Tip Sheet: Campbell was a major steal
Raiders' acquisition of veteran quarterback was offseason's ultimate bargain
In a league in which a half-dozen quarterbacks completed roughly two-thirds of their attempts last season, 10 threw for at least 4,000 yards and 12 tossed 25 touchdown passes or more, the 2009 campaign registered by Jason Campbell might seem relatively unspectacular by comparison.
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Starting in all 16 games for the Washington Redskins, in his fifth NFL season, Campbell completed a career-best 64.5 percent of his pass attempts (327-of-507), and the one-time first-round pick (in 2005) also notched career zeniths in yards (3,618) and touchdown passes (20).
So not too bad, right?
Well, for the Oakland Raiders, such otherwise modest passing numbers are deemed downright astronomical.
There have been 17 trades in the NFL this offseason in which franchises received a veteran player for a fourth-round draft choice or lower. Beyond the Oakland Raiders' acquisition of quarterback Jason Campbell for a fourth-round pick in the 2010 draft, arguably the best of the bargain-basement trades, here are six more notable such deals:
Not since 2002, when Rich Gannon connected on 67.6 percent of his attempts, have the Raiders employed a starting quarterback with a completion mark in excess of 60 percent. The last time an Oakland quarterback threw 20 or more touchdown passes was in 2005, when Kerry Collins recorded 25. And the Raiders have gone four straight seasons without as many aggregate passing yards as a team as Campbell rang up individually in '09.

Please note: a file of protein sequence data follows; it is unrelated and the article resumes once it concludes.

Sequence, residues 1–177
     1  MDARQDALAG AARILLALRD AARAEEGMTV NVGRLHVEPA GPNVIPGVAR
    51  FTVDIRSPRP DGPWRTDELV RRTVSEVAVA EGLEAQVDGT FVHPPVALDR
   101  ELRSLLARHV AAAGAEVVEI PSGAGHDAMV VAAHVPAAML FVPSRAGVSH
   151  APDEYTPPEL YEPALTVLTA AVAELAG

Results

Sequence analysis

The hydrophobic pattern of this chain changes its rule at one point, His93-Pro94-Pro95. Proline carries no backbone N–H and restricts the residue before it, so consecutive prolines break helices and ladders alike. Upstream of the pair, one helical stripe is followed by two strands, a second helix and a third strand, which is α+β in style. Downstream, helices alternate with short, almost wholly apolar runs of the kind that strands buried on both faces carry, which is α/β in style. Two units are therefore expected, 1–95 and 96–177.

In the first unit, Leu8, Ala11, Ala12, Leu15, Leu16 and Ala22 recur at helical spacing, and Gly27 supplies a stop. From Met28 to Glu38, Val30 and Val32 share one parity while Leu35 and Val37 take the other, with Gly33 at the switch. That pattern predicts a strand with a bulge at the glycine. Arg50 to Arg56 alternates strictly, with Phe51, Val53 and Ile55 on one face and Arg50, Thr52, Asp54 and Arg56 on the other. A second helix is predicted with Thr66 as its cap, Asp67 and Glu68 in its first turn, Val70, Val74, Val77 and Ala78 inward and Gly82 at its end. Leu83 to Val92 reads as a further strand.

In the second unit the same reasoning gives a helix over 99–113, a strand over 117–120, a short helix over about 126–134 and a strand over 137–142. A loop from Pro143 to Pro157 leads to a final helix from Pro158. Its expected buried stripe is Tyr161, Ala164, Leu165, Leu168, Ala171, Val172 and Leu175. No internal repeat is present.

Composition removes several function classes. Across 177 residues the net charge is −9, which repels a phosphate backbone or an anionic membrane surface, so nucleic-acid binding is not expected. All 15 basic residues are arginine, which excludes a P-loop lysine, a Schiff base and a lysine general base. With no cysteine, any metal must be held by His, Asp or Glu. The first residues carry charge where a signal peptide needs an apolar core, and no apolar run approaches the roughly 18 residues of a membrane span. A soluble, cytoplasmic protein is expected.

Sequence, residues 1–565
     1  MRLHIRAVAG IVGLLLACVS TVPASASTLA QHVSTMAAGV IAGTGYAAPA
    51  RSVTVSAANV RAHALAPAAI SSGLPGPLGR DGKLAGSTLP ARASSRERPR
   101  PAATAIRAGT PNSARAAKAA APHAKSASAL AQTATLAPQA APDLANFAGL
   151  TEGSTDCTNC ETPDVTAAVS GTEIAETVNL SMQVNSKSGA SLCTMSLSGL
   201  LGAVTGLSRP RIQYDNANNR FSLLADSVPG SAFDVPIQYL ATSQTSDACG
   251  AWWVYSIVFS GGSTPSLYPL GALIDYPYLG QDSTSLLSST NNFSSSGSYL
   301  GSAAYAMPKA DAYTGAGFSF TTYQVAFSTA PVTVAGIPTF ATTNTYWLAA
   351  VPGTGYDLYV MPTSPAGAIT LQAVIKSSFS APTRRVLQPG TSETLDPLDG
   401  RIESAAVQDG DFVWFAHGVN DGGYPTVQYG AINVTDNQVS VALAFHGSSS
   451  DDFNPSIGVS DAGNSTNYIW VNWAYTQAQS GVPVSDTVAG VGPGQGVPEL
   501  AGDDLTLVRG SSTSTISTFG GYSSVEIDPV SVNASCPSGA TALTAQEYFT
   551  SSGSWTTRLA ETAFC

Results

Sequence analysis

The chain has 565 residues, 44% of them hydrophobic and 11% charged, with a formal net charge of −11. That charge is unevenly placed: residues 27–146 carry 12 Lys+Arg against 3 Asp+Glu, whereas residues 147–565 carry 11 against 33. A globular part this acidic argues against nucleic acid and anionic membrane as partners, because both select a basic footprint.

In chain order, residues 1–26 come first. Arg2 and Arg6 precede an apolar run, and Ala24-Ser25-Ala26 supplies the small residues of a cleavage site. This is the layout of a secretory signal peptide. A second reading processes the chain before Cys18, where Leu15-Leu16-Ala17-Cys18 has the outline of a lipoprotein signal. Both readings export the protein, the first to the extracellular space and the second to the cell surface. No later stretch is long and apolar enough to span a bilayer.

So for the Raiders, who ranked No. 29 or lower in the league in passing offense each of the past four seasons, and were last or next-to-last from 2006 to 2008, Campbell represents a dramatic upgrade at the game's most critical position.
"He's brought stability, and leadership, and professionalism," assessed fourth-year tight end Zach Miller, the club's leading receiver in 2009, of Campbell's arrival.
Through Thursday, there have been 17 offseason trades in which a team acquired a veteran player in exchange for a fourth-round draft choice or less. Some of them, such as the New York Jets' addition of Pittsburgh wide receiver Santonio Holmes (although there were extenuating circumstances) for only a fifth-rounder, were flat-out steals. But the Raiders' draft weekend acquisition of Campbell for only a fourth-round pick was arguably the equivalent of a Brink's heist -- especially given the critical nature of the position, Campbell's youth and growth potential, the abject failure of former overall No. 1 pick JaMarcus Russell in Oakland, and the ability to land a starting-pedigree quarterback at such a bargain-basement price.